When used responsibly, the drug/dietary supplement has few side effects. Unlike most other nootropics, Noopept does not cause headaches or sleep issues. The most common complaints are minor GI tract issues such as stomach aches. Often the results of excessive intake, the problem can generally be solved by cutting down to the recommended dosage.
When to use Phenylpiracetam
Nearly as potent as Noopept, Phenylpiracetam stimulates the mind and body, increasing mental concentration and physical energy at the same time. Thoroughly tested in the lab and the field, the popular nootropic improves cognitive function, in particular learning and problem solving. Its only notable flaw seems to be that users build up a tolerance to Phenylpiracetam quite quickly. According to the research, peak benefits are reached after only a couple of days of use. As a result, Phenylpiracetam is not a supplement that should be taken regularly.
Much like the fictional drug NZT-48, Phenylpiracetam delivers short bursts of energy and brainpower that fade fast. As such, it works best when you know that you will need to concentrate intensely on something for a short period of time. Not surprisingly, Phenylpiracetam is popular with college students who take it during all-night cram sessions before a big exam. It can also provide the necessary mental endurance to meet a looming project or work deadline. Just be aware that the cognitive enhancer only works for around four hours at a time, after which time the stimulative benefits will recede.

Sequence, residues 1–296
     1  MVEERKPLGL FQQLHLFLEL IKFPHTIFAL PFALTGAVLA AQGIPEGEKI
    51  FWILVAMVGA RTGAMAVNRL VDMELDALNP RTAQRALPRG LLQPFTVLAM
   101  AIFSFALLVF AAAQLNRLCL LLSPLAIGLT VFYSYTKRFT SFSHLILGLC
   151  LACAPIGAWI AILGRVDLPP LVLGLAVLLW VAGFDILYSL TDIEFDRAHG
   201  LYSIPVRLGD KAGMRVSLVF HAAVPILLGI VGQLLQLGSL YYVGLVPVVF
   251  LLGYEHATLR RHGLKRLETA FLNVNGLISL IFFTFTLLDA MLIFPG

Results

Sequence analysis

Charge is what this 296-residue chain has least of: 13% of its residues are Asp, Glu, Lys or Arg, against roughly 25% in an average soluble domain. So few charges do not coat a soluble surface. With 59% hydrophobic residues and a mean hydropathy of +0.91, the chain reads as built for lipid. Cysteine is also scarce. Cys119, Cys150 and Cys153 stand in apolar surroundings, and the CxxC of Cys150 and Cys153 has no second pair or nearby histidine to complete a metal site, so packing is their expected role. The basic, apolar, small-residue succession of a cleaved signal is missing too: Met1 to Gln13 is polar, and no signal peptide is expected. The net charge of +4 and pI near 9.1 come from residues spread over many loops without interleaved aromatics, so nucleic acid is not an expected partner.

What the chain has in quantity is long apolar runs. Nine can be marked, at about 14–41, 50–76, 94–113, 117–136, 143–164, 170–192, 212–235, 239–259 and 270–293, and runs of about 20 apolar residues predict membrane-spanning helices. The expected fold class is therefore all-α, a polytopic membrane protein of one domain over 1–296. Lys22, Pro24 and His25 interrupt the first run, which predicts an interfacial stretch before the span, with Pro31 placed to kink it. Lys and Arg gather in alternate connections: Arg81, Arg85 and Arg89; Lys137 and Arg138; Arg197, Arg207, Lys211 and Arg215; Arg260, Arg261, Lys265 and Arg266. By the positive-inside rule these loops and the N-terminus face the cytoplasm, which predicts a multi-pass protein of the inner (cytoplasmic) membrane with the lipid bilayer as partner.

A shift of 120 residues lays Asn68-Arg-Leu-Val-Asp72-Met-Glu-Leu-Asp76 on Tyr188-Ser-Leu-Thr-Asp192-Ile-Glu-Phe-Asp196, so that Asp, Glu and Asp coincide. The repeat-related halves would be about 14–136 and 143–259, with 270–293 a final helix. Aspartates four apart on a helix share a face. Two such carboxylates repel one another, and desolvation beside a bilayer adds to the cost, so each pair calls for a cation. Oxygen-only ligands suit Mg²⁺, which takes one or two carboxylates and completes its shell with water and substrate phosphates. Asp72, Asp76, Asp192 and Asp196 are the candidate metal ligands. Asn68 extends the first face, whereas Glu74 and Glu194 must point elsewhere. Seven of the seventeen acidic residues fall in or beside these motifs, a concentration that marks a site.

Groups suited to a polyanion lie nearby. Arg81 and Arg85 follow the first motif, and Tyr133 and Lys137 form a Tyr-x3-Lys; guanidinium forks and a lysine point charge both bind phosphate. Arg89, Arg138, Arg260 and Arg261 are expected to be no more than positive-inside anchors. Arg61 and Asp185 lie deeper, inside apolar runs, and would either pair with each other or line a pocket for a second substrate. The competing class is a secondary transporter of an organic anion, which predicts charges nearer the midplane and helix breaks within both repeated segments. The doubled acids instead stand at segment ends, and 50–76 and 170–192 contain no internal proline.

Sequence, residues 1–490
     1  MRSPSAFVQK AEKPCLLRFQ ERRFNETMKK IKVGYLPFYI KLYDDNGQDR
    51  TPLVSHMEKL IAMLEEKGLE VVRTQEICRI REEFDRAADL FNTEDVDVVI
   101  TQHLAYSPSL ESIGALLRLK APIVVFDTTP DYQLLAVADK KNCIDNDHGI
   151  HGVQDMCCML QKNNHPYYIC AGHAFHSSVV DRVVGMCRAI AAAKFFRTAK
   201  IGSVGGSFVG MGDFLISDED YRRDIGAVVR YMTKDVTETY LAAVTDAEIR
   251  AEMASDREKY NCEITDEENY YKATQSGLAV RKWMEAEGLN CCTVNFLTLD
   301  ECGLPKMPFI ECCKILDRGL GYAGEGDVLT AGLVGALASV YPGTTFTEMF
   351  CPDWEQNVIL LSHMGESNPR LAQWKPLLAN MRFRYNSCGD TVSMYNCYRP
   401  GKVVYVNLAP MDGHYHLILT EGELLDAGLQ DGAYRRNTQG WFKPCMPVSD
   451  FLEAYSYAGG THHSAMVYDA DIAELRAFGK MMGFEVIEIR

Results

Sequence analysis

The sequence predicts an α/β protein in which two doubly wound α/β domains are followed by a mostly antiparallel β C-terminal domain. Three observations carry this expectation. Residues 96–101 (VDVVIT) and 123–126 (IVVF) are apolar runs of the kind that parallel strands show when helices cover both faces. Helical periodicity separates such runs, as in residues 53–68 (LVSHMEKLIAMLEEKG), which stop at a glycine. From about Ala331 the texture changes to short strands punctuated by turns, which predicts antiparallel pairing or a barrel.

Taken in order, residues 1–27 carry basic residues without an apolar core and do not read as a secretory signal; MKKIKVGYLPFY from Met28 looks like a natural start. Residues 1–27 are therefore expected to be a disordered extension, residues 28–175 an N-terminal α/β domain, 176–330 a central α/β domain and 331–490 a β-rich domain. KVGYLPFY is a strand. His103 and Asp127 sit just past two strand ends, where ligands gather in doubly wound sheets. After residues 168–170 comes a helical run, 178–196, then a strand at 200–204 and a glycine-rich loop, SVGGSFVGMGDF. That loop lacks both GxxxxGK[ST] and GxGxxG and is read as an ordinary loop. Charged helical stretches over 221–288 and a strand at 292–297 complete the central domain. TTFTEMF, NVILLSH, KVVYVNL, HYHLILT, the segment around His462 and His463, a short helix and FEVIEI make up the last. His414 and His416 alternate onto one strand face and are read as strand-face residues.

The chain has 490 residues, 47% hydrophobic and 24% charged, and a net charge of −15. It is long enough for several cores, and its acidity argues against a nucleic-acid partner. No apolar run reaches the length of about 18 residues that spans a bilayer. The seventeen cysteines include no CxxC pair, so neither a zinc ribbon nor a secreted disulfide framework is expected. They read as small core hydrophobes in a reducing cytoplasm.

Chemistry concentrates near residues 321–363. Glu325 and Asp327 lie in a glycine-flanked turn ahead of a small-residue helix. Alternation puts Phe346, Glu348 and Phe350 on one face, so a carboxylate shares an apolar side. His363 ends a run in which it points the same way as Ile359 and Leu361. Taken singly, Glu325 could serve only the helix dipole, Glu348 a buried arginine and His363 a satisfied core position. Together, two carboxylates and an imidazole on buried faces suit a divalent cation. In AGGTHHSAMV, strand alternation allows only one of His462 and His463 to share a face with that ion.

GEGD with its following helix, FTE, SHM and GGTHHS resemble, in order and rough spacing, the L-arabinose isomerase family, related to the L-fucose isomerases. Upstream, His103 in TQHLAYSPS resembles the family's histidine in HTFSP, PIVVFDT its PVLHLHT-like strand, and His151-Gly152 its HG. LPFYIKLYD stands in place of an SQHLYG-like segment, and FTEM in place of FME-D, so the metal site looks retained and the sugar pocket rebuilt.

As with any new medication or supplement, new users may experience side effects when they start taking Phenylpiracetam. Relatively minor compared to other drugs, some users have reported bouts of gastrointestinal discomfort, headache, nausea, and irritability. Like most smart drugs, there is no known drug interaction with other medications or supplements or risk of physical addiction with Phenylpiracetam.
Although not the miracle brain boosters we see in the movies, Noopept and Phenylpiracetam are genuine smart drugs that can improve mental function in some people. Extensive testing has also revealed that both nootropics help ease feelings of anxiety and depression, especially in people with cognitive impairment. Of course for most folks, these drugs are used to enhance mental function, memory, and motivation – if only for a short while.